I CAN’T DECIDE IF I’M CAMPING OR GLAMPING. I wake up in an open-air, three walled shelter with nothing in front of me but an unfettered view of the Pisgah National Forest. The breeze can come in. Sunlight can, too. So can birds, and if I think about it too much, bears and snakes.
Yet I’m in an actual bed. A comfortable one! There’s a microwave and a mini fridge. It’s sort of hard to fancy oneself as Thoreau in the woods when I have a block of Gouda and a veggie wrap within arm’s reach.
That’s the beauty of a place like Mountain Light Sanctuary: the experience is what you make it, and you can find your own niche on the camping-to-glamping continuum. Located about 35 miles north of Asheville, North Carolina, the property consists of 18 rustic shelters across 7 acres. Some — like mine, Balihouse — cater to the camper who prefers to be near an electrical outlet. Then there’s MerlinWood, which is literally just a canopied bed in the middle of the forest.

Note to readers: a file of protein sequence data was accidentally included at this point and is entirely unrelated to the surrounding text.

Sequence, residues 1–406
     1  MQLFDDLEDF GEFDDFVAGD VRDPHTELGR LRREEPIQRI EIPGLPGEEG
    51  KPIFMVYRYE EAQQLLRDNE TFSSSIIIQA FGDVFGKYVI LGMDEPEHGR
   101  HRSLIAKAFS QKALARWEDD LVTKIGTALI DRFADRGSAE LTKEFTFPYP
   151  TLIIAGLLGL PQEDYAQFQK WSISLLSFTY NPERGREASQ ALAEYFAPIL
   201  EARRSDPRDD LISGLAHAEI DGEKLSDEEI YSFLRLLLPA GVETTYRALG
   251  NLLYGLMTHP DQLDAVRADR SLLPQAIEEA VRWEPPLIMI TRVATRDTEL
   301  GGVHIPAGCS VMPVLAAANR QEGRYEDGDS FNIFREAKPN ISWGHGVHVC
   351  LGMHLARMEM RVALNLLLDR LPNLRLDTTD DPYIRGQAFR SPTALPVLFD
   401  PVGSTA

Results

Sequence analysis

There are no doors, no locks — and no fees. Across the country, retreats like Mountain Light uphold an old-school tradition (like, thousands-of-years-old-school) of welcoming refuge-seekers and travelers for a donation-based stay. While they suggest basic rates, you might even exchange shelter for work around the grounds. You pay what you feel the experience is worth, which, at Mountain Light, may end up being quite a lot; according to the owner, there are fairies and interdimensional beings to be found here.